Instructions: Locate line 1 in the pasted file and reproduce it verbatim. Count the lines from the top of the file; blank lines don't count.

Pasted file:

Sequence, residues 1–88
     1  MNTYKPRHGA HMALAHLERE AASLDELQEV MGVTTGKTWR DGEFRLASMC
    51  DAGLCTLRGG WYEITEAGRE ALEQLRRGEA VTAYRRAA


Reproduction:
Sequence, residues 1–88